IRJ - July 2012 - (Page 21)
Chinese high speed:
in the wake of Wenzhou
It is one year since the fatal Wenzhou high-speed crash seriously dented China’s enthusiasm for highspeed. Construction has resumed, but at a slower pace and in a more cautious way than before, and with concerns over spiralling debt China is now turning to the private sector to invest in rail, reports Han Qiao from China Features.
HINA’s prestigious and ambitious high-speed rail construction programme hit a low point after last July’s collision between two high-speed trains in Wenzhou in which 40 people lost their lives. In response, China halted work on new lines, conducted nationwide safety checks and ordered high-speed trains to reduce speed. The number of lines operating trains at high speed, which exceeded 9600km in mid-2011, was scaled back to just over 6000km as trains on many lines had their maximum speed cut to less than 200km/h. In addition, only one high-speed line – the 102km Guangzhou - Shenzhen route – was put into service in the second half of last year. In March the Ministry of Railways
(MOR) said that seven high-speed lines totalling 3500km would open by the end of this year. But in late May MOR told China Features that this had been scaled back to 2322km, and opening of the remaining lines might be postponed. Nevertheless, completion of these projects will extend the highspeed network to around 8400km. The first new line to open, Beijing Wuhan, will add 1125km to the network. The maximum design speed of the line is 350km/h and, in line with international practice to maintain a safety margin, trains will run at a maximum of 300km/h, says MOR. Nevertheless the journey time between Beijing and Wuhan in central China will be reduced from 10 hours to just four hours. The new Beijing - Wuhan line will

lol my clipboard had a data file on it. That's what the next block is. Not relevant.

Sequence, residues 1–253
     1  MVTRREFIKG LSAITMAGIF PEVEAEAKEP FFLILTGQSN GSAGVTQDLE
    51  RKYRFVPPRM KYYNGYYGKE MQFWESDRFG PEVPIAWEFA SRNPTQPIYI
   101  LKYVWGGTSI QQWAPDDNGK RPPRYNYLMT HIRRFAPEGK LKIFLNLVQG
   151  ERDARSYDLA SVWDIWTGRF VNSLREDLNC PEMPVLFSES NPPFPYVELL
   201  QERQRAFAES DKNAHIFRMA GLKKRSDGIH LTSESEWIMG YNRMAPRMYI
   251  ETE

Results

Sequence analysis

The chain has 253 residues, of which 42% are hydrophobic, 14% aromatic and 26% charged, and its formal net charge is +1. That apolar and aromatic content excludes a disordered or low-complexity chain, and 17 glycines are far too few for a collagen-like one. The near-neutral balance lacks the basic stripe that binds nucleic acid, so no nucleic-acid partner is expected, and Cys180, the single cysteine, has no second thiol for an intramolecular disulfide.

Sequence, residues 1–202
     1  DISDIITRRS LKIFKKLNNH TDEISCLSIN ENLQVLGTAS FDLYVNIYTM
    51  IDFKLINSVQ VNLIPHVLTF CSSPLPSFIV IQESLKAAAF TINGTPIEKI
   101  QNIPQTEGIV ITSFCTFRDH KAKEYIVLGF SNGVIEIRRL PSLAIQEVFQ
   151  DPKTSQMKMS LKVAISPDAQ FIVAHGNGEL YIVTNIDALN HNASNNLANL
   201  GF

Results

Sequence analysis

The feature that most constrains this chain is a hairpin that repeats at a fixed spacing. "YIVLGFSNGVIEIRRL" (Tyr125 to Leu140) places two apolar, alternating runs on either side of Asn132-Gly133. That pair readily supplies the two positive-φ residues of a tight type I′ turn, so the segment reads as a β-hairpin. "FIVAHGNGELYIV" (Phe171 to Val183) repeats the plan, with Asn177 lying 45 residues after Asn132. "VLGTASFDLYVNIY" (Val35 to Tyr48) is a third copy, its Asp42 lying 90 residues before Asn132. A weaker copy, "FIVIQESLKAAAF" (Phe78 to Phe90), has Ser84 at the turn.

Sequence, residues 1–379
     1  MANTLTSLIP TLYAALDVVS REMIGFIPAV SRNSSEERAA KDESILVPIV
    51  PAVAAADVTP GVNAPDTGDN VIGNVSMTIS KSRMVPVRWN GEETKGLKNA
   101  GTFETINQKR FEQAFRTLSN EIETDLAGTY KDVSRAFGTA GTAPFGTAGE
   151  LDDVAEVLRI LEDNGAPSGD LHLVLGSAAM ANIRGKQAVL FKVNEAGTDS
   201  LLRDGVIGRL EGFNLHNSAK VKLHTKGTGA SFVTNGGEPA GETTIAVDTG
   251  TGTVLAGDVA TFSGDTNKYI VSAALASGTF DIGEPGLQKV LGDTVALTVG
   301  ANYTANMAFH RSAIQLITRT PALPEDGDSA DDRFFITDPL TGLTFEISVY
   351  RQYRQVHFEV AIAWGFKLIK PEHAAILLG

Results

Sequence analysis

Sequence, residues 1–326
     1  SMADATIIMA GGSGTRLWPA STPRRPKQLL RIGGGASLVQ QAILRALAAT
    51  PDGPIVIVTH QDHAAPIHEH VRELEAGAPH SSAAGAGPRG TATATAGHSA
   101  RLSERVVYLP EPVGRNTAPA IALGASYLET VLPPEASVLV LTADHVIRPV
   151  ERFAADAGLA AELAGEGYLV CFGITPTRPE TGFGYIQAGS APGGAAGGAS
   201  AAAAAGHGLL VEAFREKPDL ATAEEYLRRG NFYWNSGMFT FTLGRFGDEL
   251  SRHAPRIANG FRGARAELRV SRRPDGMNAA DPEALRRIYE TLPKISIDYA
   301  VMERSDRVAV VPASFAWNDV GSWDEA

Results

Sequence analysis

connect with the existing high-speed line running from Wuhan south to Shenzhen, adjoining Hong Kong, so that for the first time Beijing, Wuhan, Guangzhou and Shenzhen will be connected by high-speed trains. The second new line to open this year is the 293km Wuhan - Yichang section of the Shanghai - Wuhan - Chengdu line, which has a design speed of 200km/h. This will be followed by the completion of this major artery connecting the country’s developed east and less-developed mountainous western region, which will allow trains to average 200km/h. Wuhan will then become a new hub of the high-speed network. Finally, the 904km Harbin - Shenyang - Dalian high-speed line, which runs
IRJ July 2012
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